There are roughly 3 million millionaires in the U.S., and nearly everyone else has a plan to become the next one. But there are about 3% of Americans who may not even realize that they're already on the path to prosperity. What's giving their savings scenarios a leg up? They're vegetarians.
Thanks to a host of factors such as droughts, flooding, war, population growth, and rising economies in the developing world, food costs are at an all-time high, and estimates suggest that high price tags are here to stay.
In the past year, U.S. food prices have jumped 3.7%, while other parts of the world are swallowing double-digit increases due to slowing agricultural trade, which forces countries to fend for themselves.
But all food is not created equal. Consider the hamburger: To get a slab of beef between those buns requires significantly more energy than skipping the meat and sticking with veggies. There's a ton of science to back this up, but the simplest way to think about it is that your cow has turn a whole lot of plant matter into not nearly as much cow to get a burger to your plate, whereas vegetables have a straight shot from the farm to your stomach.
While this by itself might be enough of an incentive for green gastronomists, there's a different type of green menu benefit vegetarians get: the kind you buy things with.
Let Them Eat Carrot Cake
Let's compare the costs of a meat-eater's breakfast versus a vegetarian's morning grub: Based on U.S. Department of Agriculture food price information, three ounces of bacon will set you back about $1, while a comparable serving of oatmeal and strawberries costs approximately $0.20. So, for the cost of adding pork to your breakfast for a single day, you can enjoy a bowl of fruity fiber every weekday morning.
What does this mean longer-term? Using data from the Bureau of Labor Statistics and the U.S. Consumer Price Index -- and factoring in estimates that predict rising meat prices and, to a lesser extent, costlier vegetables -- we can take a stab at calculating how much the average Joe or Jane could save from cutting meat from his or her diet entirely.
Here's how our calculations stacked up: Let's say vegetarians currently consume about $20 a day in food while omnivores eat up $25. If food prices continue to rise (albeit less so than this past year) -- with vegetables costing 3% more every year, and meat 5% more -- a vegetarian can expect to save around $2,000 on his or her 2013 food bill.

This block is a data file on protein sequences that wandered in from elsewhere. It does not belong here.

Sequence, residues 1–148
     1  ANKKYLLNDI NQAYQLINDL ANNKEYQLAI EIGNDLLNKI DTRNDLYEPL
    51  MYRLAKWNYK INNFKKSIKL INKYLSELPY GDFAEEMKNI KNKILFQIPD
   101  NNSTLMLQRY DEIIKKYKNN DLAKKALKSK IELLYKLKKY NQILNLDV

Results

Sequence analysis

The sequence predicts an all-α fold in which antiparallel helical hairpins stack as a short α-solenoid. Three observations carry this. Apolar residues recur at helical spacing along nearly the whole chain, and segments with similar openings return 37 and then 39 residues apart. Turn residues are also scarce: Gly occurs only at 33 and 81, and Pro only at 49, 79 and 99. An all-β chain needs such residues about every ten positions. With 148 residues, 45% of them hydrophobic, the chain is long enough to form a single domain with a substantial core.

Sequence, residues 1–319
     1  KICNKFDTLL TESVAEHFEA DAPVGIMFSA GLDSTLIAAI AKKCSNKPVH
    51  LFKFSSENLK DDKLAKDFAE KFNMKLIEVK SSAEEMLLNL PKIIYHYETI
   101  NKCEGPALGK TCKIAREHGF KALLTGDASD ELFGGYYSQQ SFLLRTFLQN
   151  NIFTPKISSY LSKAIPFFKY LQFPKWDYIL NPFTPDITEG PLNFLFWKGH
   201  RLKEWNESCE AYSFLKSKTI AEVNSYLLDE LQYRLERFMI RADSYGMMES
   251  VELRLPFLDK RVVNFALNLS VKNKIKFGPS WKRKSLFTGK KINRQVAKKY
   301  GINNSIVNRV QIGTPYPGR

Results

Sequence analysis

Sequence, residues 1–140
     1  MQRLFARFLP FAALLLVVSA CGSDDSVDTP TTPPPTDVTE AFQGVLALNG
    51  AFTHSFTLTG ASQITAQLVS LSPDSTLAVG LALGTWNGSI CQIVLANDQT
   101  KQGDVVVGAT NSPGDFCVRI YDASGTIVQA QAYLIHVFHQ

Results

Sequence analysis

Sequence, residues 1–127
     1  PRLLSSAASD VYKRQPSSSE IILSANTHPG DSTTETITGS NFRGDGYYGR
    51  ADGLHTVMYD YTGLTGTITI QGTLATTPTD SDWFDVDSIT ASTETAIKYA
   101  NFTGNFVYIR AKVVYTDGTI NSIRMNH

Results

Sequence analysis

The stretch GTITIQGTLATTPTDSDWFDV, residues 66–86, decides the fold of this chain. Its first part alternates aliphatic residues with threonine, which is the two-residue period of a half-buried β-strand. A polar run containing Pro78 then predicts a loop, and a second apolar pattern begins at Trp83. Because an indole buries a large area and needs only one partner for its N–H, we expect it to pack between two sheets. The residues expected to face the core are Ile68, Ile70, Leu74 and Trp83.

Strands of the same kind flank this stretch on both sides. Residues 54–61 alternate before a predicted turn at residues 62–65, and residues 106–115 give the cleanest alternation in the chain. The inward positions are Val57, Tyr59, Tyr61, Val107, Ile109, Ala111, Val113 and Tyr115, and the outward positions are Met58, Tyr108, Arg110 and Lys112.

Here's where monetizing meatlessness gets especially delicious: If vegetarians invest their food savings and make a traditional 10% annual profit, they'll make $60,000 in 10 years and $1 million in 30 years:
|Year 1||Year 10||Year 20||Year 30|
|Total savings + 10% annual returns||$2,008||$60,910||$290,806||$1,027,182|
And even if the stock market's returns don't hit their historical benchmark, there's still plenty of money in spinach:
|Year 1||Year 10||Year 20||Year 30|
|Total savings + 5% annual returns||$1,916||$46,695||$179,098||$502,650|
|Total savings + 7% annual returns||$1,953||$51,877||$216,019||$658,594|
At the core, there are only two ways to increase your wealth: Make more money or spend less. And while all of us would love a bonus to bolster our bank accounts, sometimes cutting costs is the only savings mechanism where we can have 100% control.
You don't have to quit cold turkey and become vegetarian overnight. But if saving just $5 a day can get you started on a profitable path to a million bucks, you might want to think twice before ordering your next T-bone. Stick to the salads, and you'll be well on your way to becoming the next vegillionaire.
Motley Fool contributing writer Justin Loiseau doesn't eat meat, but he does have a bad habit of spending $5 a day on brownie mix. You can follow Justin on Twitter @TMFJLo.